Monday, July 27, 2009

Alert: Chilean Farmed Salmon Tainted with Dangerous Antibiotic

Salmon that is farmed in Chile and widely sold in the U.S. is being fed hundreds of thousands of pounds of an antibiotic that is so dangerous that its use is prohibited in food producing animals--that includes fish--by the U.S. Food and Drug Administration.

The antibiotic, chloramphenicol, is linked to a lethal human blood disorder and is a suspected cause of cancer. There is no known safe dose; It is only used to treat serious human infections.

The situation shows, once again, how our food inspection system is so inadequate. The FDA should be inspecting Chilean salmon and stopping shipments from entering the U.S. if they contain any trace of the antibiotic.

But according to Public Citizen the FDA inspects only 1 to 2% of all seafood entering the U.S.

What a pickle, to mix metaphors: I not only love the taste of salmon, but I know it's healthy for my heart. And farmed salmon is a whole lot cheaper than wild salmon.

But if you put this in context, and think about the fact that the federal government allows other kinds of antibiotics to be fed routinely to cattle whose flesh is supposedly safe, this chloramphenicol has to be so dangerous that we should do our best to avoid it.

Word about Chilean salmon came today in a New York Times article that reported that Chile used 718,000 pounds of antibiotics last year to keep farmed salmon from dying from infections; about one-third were from the most dangerous family of antibiotics, quinolones. Farmed ocean fish are vulnerable to infection because they are grown in pens that can be unsanitary and overcrowded.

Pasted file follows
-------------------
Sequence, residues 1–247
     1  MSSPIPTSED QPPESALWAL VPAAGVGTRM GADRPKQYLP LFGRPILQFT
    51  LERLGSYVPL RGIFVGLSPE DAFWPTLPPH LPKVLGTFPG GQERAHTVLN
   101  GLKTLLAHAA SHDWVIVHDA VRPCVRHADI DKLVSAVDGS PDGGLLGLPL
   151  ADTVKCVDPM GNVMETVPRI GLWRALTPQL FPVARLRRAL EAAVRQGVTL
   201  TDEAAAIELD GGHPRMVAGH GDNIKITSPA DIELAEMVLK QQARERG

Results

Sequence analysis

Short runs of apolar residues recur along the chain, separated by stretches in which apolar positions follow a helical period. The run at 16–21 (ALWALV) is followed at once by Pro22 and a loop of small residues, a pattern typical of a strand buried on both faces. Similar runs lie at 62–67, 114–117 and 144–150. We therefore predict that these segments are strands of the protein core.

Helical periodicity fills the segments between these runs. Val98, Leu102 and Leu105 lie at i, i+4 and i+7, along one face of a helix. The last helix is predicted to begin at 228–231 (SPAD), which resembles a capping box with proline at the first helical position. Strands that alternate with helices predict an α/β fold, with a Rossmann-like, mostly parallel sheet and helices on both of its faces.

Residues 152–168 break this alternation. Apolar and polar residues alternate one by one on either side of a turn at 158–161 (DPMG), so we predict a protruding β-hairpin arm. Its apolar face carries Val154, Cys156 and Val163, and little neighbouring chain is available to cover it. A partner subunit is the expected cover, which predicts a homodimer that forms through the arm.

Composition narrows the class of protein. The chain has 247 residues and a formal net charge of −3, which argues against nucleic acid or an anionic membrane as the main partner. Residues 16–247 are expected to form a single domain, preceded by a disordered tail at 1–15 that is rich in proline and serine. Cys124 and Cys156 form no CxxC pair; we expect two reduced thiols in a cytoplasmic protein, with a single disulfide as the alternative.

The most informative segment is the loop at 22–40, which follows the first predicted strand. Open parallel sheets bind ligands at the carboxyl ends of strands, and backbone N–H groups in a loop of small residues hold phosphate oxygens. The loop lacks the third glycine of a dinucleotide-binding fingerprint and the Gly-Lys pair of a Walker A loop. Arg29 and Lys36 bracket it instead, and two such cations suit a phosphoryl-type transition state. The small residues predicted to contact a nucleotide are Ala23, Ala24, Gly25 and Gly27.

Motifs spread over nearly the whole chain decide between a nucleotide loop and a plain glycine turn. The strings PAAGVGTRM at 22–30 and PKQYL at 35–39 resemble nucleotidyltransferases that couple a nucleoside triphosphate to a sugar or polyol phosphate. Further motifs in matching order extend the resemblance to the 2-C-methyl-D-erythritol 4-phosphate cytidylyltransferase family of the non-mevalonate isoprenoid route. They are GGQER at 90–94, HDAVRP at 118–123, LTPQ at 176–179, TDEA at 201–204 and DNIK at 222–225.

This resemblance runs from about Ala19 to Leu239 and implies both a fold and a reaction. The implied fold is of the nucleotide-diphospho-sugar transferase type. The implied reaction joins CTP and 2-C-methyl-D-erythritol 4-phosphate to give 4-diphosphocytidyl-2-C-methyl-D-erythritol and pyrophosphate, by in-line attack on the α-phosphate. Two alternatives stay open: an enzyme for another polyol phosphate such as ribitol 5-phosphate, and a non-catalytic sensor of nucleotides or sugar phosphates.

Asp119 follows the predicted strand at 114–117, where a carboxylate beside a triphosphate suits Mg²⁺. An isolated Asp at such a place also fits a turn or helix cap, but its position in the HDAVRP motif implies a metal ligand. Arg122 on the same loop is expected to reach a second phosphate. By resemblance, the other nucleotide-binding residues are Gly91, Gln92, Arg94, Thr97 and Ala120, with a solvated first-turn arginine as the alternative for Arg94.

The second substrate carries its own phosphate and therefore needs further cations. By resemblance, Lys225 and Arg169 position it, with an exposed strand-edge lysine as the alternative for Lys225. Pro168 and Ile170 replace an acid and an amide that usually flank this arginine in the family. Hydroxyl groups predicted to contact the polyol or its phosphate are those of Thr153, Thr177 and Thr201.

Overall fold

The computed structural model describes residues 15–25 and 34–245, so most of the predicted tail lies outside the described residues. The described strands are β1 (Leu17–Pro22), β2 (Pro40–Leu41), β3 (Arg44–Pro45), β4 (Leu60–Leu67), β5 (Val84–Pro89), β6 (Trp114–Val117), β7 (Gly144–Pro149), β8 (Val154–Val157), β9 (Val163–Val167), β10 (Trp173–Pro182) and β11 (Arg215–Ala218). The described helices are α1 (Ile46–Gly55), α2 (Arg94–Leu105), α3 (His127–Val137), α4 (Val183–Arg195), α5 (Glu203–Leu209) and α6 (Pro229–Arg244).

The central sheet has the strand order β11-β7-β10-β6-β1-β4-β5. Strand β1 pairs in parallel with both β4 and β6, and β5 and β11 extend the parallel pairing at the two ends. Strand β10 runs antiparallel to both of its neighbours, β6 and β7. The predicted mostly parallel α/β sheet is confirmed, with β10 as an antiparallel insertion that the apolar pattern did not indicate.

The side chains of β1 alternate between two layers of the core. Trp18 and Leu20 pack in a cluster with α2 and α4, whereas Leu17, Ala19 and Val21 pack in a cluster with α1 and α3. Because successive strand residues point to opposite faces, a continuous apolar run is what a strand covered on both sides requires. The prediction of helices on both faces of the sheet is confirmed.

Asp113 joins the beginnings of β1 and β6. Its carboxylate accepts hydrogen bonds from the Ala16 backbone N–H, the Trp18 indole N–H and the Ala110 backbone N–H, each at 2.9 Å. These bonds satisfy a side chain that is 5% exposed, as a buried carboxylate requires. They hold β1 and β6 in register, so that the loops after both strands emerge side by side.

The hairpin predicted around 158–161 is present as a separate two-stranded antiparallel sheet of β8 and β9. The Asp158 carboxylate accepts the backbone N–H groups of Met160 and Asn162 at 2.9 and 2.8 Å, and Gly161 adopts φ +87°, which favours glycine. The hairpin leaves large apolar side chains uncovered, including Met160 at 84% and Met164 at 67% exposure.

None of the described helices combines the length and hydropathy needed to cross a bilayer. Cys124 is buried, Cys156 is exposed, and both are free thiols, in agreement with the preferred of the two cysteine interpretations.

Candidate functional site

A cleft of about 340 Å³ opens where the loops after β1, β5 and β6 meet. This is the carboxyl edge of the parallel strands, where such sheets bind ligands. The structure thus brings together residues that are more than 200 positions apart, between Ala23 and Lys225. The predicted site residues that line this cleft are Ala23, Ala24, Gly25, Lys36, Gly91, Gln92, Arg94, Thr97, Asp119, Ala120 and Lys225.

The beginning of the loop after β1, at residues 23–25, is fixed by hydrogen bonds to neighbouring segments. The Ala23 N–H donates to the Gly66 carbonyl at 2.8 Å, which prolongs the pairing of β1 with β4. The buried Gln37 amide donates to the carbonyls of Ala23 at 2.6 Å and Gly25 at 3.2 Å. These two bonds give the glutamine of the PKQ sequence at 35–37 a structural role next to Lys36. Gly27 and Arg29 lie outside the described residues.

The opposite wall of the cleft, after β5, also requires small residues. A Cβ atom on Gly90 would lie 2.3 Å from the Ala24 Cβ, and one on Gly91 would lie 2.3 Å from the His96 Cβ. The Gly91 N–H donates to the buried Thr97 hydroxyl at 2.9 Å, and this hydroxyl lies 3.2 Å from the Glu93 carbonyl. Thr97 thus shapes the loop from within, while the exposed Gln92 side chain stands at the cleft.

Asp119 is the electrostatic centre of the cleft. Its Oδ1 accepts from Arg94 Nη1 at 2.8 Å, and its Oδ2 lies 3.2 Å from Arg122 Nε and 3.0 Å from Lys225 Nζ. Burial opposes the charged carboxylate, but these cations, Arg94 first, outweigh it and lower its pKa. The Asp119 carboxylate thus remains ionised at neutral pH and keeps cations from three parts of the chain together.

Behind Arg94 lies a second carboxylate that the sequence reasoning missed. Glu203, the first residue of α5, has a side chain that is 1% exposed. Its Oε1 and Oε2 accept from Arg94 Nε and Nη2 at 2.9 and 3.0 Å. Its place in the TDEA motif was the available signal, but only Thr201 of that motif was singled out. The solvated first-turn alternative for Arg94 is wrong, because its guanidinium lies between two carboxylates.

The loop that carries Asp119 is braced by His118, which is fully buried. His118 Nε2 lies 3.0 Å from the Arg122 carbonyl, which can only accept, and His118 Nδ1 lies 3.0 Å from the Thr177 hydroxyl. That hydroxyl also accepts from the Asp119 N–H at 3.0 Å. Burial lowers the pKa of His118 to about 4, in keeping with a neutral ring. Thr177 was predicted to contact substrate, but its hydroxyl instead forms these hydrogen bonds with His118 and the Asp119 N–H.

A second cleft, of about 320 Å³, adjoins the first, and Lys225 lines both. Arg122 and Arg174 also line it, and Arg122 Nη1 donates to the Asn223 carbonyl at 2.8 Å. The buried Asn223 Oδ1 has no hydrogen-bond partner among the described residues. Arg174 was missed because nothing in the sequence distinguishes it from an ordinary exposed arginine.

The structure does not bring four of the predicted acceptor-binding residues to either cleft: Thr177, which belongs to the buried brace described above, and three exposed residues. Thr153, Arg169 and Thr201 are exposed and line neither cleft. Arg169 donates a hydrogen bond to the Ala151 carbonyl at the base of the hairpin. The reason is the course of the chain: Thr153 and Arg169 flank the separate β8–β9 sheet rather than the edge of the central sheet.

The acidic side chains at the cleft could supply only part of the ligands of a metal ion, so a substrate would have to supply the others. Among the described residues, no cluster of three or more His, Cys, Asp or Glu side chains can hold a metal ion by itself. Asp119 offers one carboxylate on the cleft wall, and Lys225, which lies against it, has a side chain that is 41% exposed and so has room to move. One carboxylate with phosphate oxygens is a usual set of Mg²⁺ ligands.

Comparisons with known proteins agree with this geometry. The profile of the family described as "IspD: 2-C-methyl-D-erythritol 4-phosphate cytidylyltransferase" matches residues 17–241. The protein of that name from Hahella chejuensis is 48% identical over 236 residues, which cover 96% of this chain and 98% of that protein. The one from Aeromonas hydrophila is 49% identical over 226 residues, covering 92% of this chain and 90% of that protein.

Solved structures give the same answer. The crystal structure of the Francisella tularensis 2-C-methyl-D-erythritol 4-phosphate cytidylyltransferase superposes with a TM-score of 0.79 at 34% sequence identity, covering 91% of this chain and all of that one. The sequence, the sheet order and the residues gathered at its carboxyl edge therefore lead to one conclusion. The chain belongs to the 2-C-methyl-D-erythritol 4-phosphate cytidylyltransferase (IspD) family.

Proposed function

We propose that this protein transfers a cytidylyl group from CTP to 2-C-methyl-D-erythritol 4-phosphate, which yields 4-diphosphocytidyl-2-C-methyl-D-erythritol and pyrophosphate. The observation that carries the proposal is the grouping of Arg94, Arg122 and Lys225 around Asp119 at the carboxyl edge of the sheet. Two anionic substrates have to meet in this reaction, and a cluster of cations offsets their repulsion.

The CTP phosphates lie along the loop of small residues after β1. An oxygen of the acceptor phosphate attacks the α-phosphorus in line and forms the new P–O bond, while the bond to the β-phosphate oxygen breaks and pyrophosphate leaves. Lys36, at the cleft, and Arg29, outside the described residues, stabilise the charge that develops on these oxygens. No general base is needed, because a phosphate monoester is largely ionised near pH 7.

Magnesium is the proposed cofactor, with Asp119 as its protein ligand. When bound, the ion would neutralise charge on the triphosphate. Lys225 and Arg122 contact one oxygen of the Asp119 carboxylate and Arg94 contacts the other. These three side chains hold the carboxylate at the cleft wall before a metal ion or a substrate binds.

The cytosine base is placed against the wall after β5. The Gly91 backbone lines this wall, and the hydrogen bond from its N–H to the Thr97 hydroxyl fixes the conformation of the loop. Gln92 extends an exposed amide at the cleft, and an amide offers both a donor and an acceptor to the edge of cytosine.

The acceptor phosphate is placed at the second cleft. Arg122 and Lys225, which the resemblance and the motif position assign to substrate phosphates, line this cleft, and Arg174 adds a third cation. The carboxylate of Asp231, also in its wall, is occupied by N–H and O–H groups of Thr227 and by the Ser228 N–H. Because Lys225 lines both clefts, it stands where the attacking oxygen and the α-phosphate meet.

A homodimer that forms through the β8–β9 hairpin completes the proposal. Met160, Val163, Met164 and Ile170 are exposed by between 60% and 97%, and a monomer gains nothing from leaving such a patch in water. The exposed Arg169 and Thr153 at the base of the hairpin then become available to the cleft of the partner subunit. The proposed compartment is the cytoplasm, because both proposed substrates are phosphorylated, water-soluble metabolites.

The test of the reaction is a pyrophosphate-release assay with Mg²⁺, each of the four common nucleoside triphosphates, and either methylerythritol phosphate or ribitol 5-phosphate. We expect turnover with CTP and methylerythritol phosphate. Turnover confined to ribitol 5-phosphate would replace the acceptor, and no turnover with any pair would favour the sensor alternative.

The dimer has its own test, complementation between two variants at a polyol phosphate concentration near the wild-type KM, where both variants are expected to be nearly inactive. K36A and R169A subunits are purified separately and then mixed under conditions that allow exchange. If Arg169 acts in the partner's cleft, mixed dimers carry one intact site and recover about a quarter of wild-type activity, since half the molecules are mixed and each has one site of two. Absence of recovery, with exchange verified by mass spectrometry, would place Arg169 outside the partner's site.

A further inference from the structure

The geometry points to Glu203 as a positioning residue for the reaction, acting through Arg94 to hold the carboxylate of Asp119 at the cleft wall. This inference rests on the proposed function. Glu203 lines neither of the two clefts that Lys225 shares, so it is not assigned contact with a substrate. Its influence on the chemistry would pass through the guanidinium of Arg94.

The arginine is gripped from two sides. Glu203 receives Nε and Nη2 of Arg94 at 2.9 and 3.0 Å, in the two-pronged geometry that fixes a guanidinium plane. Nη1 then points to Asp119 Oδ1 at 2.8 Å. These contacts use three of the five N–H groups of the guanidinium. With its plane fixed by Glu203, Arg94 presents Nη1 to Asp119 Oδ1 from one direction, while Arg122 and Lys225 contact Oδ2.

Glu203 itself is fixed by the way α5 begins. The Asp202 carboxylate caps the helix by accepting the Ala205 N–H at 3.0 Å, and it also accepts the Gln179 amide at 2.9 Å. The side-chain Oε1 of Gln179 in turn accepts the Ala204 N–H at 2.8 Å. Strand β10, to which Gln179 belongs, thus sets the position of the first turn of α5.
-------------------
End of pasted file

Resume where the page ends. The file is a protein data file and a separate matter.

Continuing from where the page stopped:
By comparison, Norway used only 2,075 pounds last year for its farmed salmon. This info became public because the environmental group, Oceana, requested the information.

Chile is the biggest supplier of salmon to the U.S., and the fish are sold by giant retailers including Wal-Mart and Safeway who, according to the Times, have reduced their purchases from the company because of health concerns.

Indirectly, of course, that means they are still selling at least some Chilean salmon.

What's a health-conscious consumer to do?

This is truly a case of buyer beware. Supermarkets, as I've noted here before, are required to label their seafood as wild or farmed and with country of origin. Your local fish monger is not covered by the law, but be sure to ask if the information is not visible.

So, to the best of your ability, buy only wild Pacific salmon, and stay within your budget by eating less. Norwegian salmon farmers rely much less on antibiotics, so that is a healthier choice. Or, try farmed U.S. trout instead for a change, which is in the same family as salmon. Environmentalists say that fish like trout that are farmed inland, rather than in the ocean, are safe to eat.

Monday, July 20, 2009

"Traitor Joe's" Takes Heat for Sales of Endangered Fish